The main sign of a clogged air filter is reduced airflow. The greenhouse operator can use the wind speed sensor to determine if the airflow is decreasing. Larger automatic ventilation systems usually have sensors that can alert the grower when the filter needs to be replaced. In other words, the air filter should be checked regularly and replaced as needed. The place of operation will determine how often the filter needs to be replaced—don’t just rely on the manufacturer’s recommendations on when to replace the filter, because every situation is different.

In the summer of 2020, the entire state of California (including the southern and northern regions) set record temperatures. In Southern California, the temperature in Death Valley reached 130 degrees, which is the highest temperature on record in nearly 90 years. In other parts of the state, the radiant temperature (defined as net radiant heat increase or heat loss, different from ambient temperature) amplified by wildfires and smoke reached 120 degrees in September.

Under such extreme ambient temperature, one possible method that does not need to increase the air-conditioning capacity is to use shade cloth or greenhouse paint to control overheated environmental conditions, including ambient temperature and radiant temperature.

Whitewashing involves applying one or more layers of non-permanent white washable paint on greenhouse glass. Operations using automatic glass cleaners can fill these systems with paint instead of cleaning solutions. Some larger operations can also be painted by helicopter.

Although the purpose of whitewashing is to lower the radiation temperature, it also affects the amount of photosynthetically active radiation (PAR) light reaching the crop. If the light level is below the target level, consider washing off the paint and applying one less or more diluted paint mixture. Ultimately, growers must weigh the risk of exposure to heat and loss of light when determining how much light and radiant heat they want to take out of the greenhouse.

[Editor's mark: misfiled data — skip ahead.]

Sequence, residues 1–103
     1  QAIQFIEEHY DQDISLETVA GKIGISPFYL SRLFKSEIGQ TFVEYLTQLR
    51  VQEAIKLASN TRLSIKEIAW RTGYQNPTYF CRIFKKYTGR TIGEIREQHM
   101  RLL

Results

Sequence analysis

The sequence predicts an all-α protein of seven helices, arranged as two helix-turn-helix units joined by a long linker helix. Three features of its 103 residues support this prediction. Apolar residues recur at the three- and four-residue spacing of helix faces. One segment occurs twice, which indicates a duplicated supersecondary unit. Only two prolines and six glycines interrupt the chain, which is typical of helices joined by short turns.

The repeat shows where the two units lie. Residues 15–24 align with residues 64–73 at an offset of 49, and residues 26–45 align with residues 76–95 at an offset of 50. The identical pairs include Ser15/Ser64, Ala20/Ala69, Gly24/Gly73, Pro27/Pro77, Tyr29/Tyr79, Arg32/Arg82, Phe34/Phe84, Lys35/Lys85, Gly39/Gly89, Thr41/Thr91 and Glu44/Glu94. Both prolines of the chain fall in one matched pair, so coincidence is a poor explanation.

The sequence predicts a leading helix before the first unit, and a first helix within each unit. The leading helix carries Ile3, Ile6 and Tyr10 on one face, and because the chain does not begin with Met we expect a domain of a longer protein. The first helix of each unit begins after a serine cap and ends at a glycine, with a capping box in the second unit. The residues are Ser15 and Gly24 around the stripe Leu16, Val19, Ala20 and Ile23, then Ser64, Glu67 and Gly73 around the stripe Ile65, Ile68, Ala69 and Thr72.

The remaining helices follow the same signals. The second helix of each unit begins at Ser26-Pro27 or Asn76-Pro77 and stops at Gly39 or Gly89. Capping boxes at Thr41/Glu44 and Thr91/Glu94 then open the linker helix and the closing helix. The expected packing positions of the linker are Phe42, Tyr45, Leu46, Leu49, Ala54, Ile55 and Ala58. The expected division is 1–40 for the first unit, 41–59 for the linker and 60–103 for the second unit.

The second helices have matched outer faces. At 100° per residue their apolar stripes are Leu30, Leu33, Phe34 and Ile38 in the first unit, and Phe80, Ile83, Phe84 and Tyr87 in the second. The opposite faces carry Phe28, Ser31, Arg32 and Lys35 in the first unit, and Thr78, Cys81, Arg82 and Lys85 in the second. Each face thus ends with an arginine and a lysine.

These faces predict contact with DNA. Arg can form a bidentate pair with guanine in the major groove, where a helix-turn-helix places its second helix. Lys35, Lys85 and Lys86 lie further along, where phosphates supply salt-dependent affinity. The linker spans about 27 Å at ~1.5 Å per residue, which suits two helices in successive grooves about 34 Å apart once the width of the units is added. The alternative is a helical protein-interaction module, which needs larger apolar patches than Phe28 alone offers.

Shade cloth comes in many configurations; it provides various percentages of shading (for example, 10%, 20%, or 30% shading, which means that the cloth will block the amount of light entering the greenhouse).

Like whitewashing, shade cloth does reduce the amount of light reaching the crop. Fortunately, the shade cloth can be pulled up during peak hours of sunlight and taken off when the sun goes down to minimize light loss while minimizing radiant heat.

In cold climates, heating systems are necessary. Inefficient heating systems are expensive at best and dangerous at worst. If the grower encounters cold spots in the greenhouse or the overall temperature is low, and has checked for leaks and gaps where cold air may penetrate, there may be a problem with the heating system. Early spring is the best time to thoroughly inspect and repair any heating system. All heating equipment and thermostats should be repaired and inspected before use in winter—preventing problems in the fall is better than responding in severe winter.

After harvest and between the crop cycle is the best time to troubleshoot and repair/replace any and all worn, damaged or defective irrigation or fertilization equipment.

Measure the flow rate to determine if the irrigation and fertilization system is operating properly. Ideally, the grower will have a baseline that is first measured for comparison after the system is installed. Reduced flow may be a sign of clogged filters, drippers, or dosimeters. Plant wilting is a clear sign of potential irrigation problems. However, for automatic irrigation systems, the computer should tell the grower that there is a problem before there is a problem in the plant.